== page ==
From Zanzibar: Tales of an Introvert
That is what did us in, and the primary reason we chose the Road to Zanzibar tour (although the safaris in northern Tanzania certainly held their own draw). There is just something about Zanzibar that made it a must-see – besides the beguiling images – the name itself might as well translate to exotic in all the languages. We began with Stone Town and its attraction as a historic and mystical waypoint of treasure hunters from around the globe. Then we took in a tour of the spice farms that still make up a big part of the economy.
Following that, it was all about the beaches.
Tropical locales are not our first choice for a destination, but damn, they are a real treat every once in awhile. And in our eternal avoidance of any weather that is too hot for us to handle, we timed it such that we would be in Zanzibar during the southern hemisphere’s winter.
Our first stop was the northern beach of Kendwa, where we ventured from bar to beach and back again, getting in the last few conversations with the dozen tour mates we would be saying goodbye to shortly. Group travel is not the norm for us (this was our first in several years) and as fond as I was of our new friends and reliving the tremendous experiences we had just shared, I had to steal away a few solo hours on a lounger. I needed to nurture my introversion and did so under a giant wavering palm. I read, spied on the fisherman, caught up on Game of Thrones (that’s a proper beach activity, right?), and also dozed to the sound of rushing waves. After the whirlwind of Nairobi to the Serengeti to the Usambara mountains to Stone Town to here, I needed downtime. I stole away every moment I could and hopefully didn’t appear too rude. The weather tried to chase me from my beach chair, but I held fast.
We finally bade a sad farewell to our intrepid crew and moved onto the east coast, having booked ourselves on the island for another week of beachside bliss.
And while our hotel left much to be desired (never fun to have to chase the owners to get towels or have our laundry finally returned after four days), the environment did not. Crystalline white sand was the only thing to separate us from the warm Indian Ocean as we were in a far less touristy space than whence we had came. We were content to plant ourselves on beach chairs and not move for the week.
It was a perfect escape to provide me with all the reclusion I longed for.
(I suspect that it may come as a surprise for many of you – given that we seem to be *out there* all the time – that meeting new people and being in the constant presence of others is so entirely draining on me. I don’t believe I’ve always been this way, but travel has inadvertently fuelled my introversion. By moving from place to place, I have no firm community that may harbour expectations of engagement. I can make myself as invisible as I need to.)
And so for that week in Zanzibar, I wanted to lose myself on Uroa beach. I planned to limit my conversation with others and even at times cut off my lovely (but sometimes excruciatingly talkative) husband. That was the plan.
But then the Polish arrived.
I’m not sure if the Polish have a certain affinity for this idyllic spot in Africa but it did seem a bit odd that six of them showed up at the same hotel. There was one couple on their honeymoon accompanied by two friends, and another couple who now lived in Munich – the latter of whom may just be the dearest pair of people we ever have spent time with. Magda was all smiles and high pitched giggles, Piotr was so clearly enamoured with every single thing she did. They brought a rush of love and energy to the otherwise serene hotel, and as much as my inner introvert raged at me for more quiet, I was also completely drawn to them.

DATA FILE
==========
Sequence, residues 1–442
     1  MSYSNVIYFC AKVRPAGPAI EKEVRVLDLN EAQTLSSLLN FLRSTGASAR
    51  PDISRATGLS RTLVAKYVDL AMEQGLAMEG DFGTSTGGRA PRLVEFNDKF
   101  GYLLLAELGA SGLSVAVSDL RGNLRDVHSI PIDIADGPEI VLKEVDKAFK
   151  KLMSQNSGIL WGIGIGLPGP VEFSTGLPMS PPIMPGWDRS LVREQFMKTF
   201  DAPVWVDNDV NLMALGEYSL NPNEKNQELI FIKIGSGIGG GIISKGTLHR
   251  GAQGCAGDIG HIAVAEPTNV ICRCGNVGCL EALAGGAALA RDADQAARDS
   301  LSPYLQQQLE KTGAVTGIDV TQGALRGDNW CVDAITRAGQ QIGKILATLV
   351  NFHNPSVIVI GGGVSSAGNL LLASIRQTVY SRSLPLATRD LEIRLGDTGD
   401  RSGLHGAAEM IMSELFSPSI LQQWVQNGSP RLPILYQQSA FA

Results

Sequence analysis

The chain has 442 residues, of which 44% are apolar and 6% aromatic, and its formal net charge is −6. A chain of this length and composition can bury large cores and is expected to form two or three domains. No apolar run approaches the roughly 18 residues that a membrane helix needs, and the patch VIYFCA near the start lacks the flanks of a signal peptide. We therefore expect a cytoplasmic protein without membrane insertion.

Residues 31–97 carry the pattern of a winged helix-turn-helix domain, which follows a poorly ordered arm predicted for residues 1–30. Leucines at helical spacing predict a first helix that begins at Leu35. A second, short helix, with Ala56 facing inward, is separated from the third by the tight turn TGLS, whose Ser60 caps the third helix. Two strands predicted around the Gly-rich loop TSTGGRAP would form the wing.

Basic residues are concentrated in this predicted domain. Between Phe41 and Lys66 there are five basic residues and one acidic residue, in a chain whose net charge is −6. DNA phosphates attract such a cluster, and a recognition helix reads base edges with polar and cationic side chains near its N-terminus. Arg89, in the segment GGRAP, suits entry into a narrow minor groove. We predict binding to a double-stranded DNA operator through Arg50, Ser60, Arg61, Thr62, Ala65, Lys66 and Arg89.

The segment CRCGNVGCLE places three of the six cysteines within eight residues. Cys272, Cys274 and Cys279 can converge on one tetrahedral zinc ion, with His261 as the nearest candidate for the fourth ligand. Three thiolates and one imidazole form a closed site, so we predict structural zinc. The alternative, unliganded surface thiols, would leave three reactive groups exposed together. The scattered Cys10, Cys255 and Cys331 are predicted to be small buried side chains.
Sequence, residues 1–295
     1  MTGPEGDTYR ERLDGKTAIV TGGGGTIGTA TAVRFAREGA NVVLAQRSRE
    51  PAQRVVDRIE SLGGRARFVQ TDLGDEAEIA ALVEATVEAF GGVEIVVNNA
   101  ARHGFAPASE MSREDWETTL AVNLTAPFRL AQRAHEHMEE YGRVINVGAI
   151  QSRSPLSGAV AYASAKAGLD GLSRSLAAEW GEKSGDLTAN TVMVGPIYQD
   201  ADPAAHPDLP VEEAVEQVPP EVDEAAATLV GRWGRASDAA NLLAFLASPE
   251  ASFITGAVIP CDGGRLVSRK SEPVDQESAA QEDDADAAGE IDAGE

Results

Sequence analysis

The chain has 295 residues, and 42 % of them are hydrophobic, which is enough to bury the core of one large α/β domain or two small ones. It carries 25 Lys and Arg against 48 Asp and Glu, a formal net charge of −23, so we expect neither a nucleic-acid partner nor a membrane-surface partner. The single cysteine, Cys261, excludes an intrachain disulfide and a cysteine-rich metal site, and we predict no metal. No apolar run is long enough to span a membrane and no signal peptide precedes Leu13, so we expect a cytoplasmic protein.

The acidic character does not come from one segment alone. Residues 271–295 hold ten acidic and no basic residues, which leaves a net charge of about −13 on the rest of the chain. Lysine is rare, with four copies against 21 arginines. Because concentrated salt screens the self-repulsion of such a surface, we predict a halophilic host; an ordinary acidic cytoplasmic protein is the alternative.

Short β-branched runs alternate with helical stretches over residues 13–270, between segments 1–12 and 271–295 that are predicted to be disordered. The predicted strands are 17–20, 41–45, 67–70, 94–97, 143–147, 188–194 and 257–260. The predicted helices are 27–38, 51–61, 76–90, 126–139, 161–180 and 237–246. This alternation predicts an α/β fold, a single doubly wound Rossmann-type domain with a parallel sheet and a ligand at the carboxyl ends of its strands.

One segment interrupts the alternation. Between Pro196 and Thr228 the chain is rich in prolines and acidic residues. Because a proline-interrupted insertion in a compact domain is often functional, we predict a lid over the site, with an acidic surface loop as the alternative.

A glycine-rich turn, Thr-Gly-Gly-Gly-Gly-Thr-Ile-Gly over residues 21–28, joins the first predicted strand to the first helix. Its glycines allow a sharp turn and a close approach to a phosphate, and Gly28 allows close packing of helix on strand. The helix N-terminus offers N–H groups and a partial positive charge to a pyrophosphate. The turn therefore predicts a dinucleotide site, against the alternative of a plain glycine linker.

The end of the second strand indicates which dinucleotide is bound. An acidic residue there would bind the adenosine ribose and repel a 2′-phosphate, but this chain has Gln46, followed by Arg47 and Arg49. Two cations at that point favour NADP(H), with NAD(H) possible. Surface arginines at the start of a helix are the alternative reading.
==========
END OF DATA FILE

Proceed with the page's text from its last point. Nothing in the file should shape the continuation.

As such we decided to share the Pinterest obsession that brought us here in the first place, and we jointly split a taxi to take us to The Rock.
We will admit that a large part of our desire to visit Africa was based solely around dining at this one restaurant, but the whole day turned out to be an event onto itself. The food was as delicious as the view (with an elevated price to match of course), but we didn’t stop there. We charged our taxi driver with taking us to his favourite beaches in the area so we could decide for ourselves which was best. We entertained Piotr’s many questions about Canada and relived some of our favourite stops in Poland. Dance music rippled through our conversations and we spent most of the day in pure laughter.
There ended up being no clear winner for best beach (as usually is the case in such quests). The differences among them were barely distinguishable and cemented the fact that this little archipelago truly is a piece of paradise.
But for as heavenly as it was, having lived up to all expectations, my time in Zanzibar will not be remembered for that. It will be for the sweet friends that we made and the personal reflection it enabled, causing me to consider the boundaries that I feel I need to push. There is nothing wrong with being an introvert (don’t get me wrong), but I wonder if I don’t sometimes use it as an excuse. Or maybe I just haven’t found the right balance yet.
And I wonder what I may have already missed out on because of it.
how to do it
We arrived to Zanzibar by ferry from Dar Es Salaam (included in our Intrepid Travel tour), but returned to the mainland by our own accord. We decided to go by plane instead and were so glad we did. For only a few dollars more, we avoided a long ferry ride plus a cab to the airport. In fact, because the flight was so short (15 minutes only) and we left earlier than scheduled, we actually landed before we were scheduled to depart. First time we’ve ever been able to say that. 🙂
Our trip to Zanzibar (as far as our stay at Kendwa Beach) was courtesy of Intrepid Travel. All opinions, as always, are our own.